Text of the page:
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JM33240

Philip I, the Arab, Silver Antoninianus, Millennium Celebration.

Regular price £450
Regular price Sale price £450

Philip I, the Arab (AD 244-249), silver Antoninianus, marking the celebration of Rome's millennium, Rome, AD 248, IMP PHILIPPVS AVG, radiate bust right, rev. SAECVLARES AVGG, low column inscribed COS III, 3.53g, 7h (RIC 24c). Good extremely fine.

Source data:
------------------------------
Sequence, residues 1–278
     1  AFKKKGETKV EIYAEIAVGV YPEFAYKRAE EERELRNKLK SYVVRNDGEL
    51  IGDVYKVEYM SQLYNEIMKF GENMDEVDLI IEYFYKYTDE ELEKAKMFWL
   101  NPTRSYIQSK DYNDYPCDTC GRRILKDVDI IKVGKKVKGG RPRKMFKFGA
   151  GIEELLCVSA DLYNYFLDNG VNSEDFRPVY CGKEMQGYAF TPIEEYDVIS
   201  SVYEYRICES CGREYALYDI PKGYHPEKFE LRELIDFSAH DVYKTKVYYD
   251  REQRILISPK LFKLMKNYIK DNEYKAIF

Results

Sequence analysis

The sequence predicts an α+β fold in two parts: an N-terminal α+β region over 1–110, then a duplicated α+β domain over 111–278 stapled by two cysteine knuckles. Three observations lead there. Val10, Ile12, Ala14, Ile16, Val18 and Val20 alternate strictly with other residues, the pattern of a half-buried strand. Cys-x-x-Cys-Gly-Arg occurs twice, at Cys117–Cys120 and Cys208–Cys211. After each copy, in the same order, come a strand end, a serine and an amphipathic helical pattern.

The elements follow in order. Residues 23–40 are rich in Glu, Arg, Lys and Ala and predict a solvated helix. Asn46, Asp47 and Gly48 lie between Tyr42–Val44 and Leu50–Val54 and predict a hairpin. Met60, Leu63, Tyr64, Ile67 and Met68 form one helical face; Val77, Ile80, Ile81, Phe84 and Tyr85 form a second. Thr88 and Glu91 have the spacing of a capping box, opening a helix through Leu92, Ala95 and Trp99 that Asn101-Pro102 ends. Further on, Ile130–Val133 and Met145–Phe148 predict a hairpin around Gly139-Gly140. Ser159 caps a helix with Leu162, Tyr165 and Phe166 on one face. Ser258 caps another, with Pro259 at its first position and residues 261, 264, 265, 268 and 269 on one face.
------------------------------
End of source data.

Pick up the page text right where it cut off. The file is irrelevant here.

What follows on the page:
The Emperor Philip I was an ethnic Arab from present day Syria. The one thousandth anniversary of Rome's founding fell during his reign, between 247 and 248, and Philip celebrated the millennium with the SAECVLARES AVGG series. Games, sacrifices and theatrical performances were arranged - these events being the traditional way of marking the transition between important eras in ancient Rome. In this case the end of the first millennium and the start of the second. On the coinage, types include animals, presumably those exhibited during the celebrations; Romulus and Remus of course; a temple, perhaps acknowledging the religion of ancient Rome or even perhaps a subtle reference to Philip's own building program in his home city, by now renamed Philippopolis; and this low column. The column is a cippus, a milestone, and thus a metaphor still instantly recognisable in the modern world.

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